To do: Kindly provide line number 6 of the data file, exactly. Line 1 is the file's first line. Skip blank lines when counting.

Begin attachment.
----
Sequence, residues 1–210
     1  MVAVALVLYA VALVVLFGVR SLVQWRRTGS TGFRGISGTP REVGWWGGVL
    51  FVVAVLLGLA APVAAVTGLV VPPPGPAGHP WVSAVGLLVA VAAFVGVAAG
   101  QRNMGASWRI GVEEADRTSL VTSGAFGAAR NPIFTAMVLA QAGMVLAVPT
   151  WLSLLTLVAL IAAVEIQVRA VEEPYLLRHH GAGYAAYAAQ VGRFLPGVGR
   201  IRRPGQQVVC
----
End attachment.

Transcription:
   201  IRRPGQQVVC